Improv Acting: Less Talking, More Listening
Silence can feel daunting and often times the novice actor’s instinct is to fill the empty space with random rambling. But improv is a team effort. I’m going to say that again. Improv is a TEAM effort. Unlike boating, the scene cannot be steered by one person. No matter how award-winning your idea seems, it will never work if you’re working alone.
How is this over-talking problem solved? The answer is simpler than you think: listen. Just simply listening will grow the scene much faster. Now, instead of two or three people coming up with ideas and yelling them out at the same time so the result is chaos, you have listeners. And listeners can grow a fellow actor’s idea and move the scene forward much faster than over-talking.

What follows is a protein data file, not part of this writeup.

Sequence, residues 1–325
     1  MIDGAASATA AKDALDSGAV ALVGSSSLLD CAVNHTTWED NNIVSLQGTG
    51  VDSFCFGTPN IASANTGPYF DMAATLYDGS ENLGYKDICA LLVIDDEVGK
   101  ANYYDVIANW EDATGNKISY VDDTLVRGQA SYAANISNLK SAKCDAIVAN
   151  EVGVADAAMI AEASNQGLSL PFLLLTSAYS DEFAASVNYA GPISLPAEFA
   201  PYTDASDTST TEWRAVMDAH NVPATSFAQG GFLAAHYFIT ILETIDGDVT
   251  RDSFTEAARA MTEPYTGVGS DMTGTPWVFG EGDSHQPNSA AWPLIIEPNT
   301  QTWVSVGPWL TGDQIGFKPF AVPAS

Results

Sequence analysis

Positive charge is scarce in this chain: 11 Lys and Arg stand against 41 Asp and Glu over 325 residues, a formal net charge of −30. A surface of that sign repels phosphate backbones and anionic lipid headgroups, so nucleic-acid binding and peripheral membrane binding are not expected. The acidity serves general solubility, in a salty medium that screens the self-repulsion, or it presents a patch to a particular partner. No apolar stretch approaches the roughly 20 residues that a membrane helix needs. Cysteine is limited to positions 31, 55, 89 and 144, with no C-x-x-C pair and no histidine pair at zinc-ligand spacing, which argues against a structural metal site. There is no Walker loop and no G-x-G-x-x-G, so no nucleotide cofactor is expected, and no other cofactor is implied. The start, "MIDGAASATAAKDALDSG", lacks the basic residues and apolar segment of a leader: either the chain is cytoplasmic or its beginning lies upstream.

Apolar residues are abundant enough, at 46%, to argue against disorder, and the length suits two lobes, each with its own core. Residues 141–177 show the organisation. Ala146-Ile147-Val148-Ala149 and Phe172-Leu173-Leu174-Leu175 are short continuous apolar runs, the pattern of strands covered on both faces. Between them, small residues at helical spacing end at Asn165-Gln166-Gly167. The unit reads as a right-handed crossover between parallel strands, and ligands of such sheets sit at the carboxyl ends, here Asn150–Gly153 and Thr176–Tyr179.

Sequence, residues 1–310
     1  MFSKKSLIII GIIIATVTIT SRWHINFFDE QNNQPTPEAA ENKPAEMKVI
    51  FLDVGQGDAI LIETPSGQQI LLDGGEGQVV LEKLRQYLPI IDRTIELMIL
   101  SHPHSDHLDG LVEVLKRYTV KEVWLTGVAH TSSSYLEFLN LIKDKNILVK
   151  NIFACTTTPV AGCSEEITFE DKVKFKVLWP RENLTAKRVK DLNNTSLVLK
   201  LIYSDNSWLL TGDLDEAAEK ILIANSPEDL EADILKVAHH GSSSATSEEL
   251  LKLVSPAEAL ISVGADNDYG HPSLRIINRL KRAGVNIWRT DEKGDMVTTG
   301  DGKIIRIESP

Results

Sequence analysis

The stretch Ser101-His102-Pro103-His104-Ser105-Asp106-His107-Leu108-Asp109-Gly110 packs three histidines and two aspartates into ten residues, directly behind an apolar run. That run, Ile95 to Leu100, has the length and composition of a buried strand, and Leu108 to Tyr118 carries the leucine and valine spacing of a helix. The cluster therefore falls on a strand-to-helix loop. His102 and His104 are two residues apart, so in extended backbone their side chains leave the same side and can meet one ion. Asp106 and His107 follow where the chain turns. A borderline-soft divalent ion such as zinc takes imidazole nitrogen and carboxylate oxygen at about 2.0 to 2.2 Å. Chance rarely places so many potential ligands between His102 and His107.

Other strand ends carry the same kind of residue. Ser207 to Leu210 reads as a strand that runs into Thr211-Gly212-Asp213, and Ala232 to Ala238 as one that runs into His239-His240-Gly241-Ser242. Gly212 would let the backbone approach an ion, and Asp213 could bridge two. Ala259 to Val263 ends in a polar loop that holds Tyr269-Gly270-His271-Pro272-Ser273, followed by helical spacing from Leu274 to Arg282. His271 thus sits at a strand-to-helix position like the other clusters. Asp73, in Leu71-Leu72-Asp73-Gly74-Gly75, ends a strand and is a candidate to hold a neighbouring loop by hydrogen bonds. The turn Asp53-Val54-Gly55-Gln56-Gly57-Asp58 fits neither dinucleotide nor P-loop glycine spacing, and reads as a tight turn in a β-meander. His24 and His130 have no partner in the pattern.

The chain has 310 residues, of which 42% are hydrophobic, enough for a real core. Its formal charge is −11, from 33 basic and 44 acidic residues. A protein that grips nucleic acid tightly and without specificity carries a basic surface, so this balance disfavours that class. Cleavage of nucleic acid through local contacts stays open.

Often times, with novice actors, you will see a great idea laid out and since no one on stage was listening, it falls by the wayside. Or worse, that actor will push his idea forward. Now we have a pile of actors on stage all moving in different directions.
Think of improv as moving a couch down a set of stairs. For this to be successful both actors have to be lifting the same couch at the same time, not dragging it in two different directions.
As an acting teacher at Gary Spatz’s The Playground, I play an improv game with the kids and teens that really help to hone this skill. We tell a story as a group one sentence at a time. You put in your idea and the next person takes over and continues that idea. You can’t steer the entire story no matter how hard you try. Your job is to share a piece of information and let your fellow actors take that idea and move it forward. In this game, as in all improv acting, listening is key.
You must be present and paying attention because you never know when the teacher will point to you and it will be your turn to add another sentence to the idea that was just put forward. So, happy acting, happy improv-ing and always…happy listening.